Last-Injurious-Exposure Rule Law and Legal Definition

Last injurious exposure rule is a judicially-created doctrine whereby full liability for an occupational disease resulting from the claimant's exposure to injurious stimuli during more than one period of employment or insurance coverage is assigned to a single employer or insurer. Therefore according to this rule, liability for an occupational injury or illness falls to the employer that exposed the worker to the injurious substance just before the first onset of the disease or injury. Last injurious exposure rule is also known as last employer rule.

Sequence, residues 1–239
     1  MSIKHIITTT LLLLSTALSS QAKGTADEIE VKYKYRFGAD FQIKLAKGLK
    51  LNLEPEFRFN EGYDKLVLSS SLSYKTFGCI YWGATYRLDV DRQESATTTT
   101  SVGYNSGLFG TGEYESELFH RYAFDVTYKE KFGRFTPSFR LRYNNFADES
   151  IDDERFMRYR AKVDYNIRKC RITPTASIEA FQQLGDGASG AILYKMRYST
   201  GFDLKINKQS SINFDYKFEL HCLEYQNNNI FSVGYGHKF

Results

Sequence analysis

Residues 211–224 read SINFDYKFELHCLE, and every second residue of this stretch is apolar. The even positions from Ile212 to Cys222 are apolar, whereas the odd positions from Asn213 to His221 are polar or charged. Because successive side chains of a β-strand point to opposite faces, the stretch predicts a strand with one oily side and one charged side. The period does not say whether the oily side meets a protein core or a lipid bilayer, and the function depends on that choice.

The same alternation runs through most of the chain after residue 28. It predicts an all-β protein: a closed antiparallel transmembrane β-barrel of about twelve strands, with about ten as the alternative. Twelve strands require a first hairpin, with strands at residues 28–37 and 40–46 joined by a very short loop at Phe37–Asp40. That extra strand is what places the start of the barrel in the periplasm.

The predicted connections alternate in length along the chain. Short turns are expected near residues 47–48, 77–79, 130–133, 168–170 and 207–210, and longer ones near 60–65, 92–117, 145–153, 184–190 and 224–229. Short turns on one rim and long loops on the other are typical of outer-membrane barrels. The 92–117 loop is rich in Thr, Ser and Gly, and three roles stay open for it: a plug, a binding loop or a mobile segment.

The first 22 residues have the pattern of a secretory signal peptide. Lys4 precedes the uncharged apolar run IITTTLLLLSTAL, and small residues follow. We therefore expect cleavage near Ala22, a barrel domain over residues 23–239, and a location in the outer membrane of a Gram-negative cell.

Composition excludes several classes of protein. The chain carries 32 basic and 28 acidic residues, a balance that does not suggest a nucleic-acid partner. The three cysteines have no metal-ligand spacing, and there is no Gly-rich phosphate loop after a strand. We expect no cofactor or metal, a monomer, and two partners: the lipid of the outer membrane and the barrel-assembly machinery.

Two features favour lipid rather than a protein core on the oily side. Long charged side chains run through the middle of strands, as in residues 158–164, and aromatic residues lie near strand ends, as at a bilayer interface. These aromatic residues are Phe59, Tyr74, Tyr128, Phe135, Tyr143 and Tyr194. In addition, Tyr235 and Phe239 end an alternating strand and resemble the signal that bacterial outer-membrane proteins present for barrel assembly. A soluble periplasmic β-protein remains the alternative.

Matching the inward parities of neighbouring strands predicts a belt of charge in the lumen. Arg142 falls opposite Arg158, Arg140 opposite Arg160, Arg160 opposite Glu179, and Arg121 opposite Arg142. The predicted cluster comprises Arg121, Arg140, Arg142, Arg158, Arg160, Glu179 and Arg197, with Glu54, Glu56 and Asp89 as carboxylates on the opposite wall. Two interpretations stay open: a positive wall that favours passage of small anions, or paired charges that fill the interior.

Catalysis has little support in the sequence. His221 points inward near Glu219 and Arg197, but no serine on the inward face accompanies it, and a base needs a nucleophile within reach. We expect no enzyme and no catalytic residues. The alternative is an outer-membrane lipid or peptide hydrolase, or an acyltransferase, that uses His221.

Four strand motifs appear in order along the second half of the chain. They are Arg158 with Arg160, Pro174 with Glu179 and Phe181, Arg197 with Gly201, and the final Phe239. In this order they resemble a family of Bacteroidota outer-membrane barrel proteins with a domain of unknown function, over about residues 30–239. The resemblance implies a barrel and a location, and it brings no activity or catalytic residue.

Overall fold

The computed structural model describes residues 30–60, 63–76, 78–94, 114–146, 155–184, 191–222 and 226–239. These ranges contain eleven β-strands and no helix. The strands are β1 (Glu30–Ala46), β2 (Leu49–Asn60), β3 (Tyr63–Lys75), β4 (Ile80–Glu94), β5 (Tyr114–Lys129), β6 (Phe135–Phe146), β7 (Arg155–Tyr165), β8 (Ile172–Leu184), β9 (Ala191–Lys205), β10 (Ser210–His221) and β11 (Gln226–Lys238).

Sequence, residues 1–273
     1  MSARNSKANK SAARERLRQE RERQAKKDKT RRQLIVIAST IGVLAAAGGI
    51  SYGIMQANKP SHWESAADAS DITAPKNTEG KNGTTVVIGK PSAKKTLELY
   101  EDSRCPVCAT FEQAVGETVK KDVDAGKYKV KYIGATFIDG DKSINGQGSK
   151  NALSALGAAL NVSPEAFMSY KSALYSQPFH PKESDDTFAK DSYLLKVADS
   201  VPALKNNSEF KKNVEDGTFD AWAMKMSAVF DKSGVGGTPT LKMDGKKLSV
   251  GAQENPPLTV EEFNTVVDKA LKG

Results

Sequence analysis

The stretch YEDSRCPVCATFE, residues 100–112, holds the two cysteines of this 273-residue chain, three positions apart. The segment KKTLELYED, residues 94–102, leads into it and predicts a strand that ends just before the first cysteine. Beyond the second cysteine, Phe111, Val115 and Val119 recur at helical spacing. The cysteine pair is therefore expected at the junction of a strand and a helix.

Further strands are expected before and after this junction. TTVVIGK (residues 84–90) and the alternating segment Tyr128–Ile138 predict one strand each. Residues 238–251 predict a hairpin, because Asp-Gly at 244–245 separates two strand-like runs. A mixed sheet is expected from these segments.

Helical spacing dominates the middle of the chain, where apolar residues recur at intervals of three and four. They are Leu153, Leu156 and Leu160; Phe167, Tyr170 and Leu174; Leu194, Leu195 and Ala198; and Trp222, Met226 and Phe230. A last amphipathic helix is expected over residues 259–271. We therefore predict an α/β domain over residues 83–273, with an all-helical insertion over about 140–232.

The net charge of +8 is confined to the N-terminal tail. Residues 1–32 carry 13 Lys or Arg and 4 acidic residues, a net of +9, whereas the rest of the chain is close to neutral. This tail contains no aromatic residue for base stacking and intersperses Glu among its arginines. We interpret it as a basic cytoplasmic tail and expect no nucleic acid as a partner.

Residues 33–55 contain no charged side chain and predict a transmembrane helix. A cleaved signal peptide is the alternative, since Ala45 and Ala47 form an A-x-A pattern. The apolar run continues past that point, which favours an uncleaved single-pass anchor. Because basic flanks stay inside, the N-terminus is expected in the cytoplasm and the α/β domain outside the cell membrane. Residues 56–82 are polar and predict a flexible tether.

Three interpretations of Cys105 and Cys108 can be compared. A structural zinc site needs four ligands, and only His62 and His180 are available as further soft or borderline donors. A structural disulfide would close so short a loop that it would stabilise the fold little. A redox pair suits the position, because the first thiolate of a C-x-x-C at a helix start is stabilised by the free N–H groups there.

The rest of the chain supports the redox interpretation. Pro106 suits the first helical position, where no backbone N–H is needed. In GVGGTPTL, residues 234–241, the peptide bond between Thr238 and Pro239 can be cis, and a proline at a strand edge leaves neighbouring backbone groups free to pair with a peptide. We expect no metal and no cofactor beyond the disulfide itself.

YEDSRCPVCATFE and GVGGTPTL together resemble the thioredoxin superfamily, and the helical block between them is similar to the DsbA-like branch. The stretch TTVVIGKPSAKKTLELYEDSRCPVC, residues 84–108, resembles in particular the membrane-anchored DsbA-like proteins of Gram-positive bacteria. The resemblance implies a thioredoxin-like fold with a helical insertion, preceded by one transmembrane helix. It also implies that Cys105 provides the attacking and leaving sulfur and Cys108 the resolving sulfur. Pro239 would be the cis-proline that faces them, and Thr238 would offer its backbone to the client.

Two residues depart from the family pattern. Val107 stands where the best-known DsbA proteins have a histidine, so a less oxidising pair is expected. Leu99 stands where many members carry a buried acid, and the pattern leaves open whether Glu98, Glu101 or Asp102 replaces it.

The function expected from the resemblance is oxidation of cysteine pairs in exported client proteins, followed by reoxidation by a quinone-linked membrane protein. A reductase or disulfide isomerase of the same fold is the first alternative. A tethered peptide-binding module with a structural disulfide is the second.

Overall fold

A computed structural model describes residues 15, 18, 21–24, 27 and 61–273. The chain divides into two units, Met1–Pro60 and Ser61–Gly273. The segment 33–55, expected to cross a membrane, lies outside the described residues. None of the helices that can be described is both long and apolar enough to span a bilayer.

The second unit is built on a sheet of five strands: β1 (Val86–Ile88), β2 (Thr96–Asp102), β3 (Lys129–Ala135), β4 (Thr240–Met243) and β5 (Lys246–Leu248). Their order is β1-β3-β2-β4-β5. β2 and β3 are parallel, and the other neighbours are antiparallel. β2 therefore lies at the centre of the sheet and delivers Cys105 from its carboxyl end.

The following is an example of a case law on last injurious exposure rule:

Under the "last injurious exposure rule," any exposure to harmful stimuli during an insurer's coverage period will lead to liability if the employee becomes disabled during that period by an exposure-caused injury, even if the most recent exposure was not the primary or triggering cause for the disability. [Bath Iron Works Corp. v. Dir., OWCP, 244 F.3d 222, 228-229 (1st Cir. Mass. 2001)]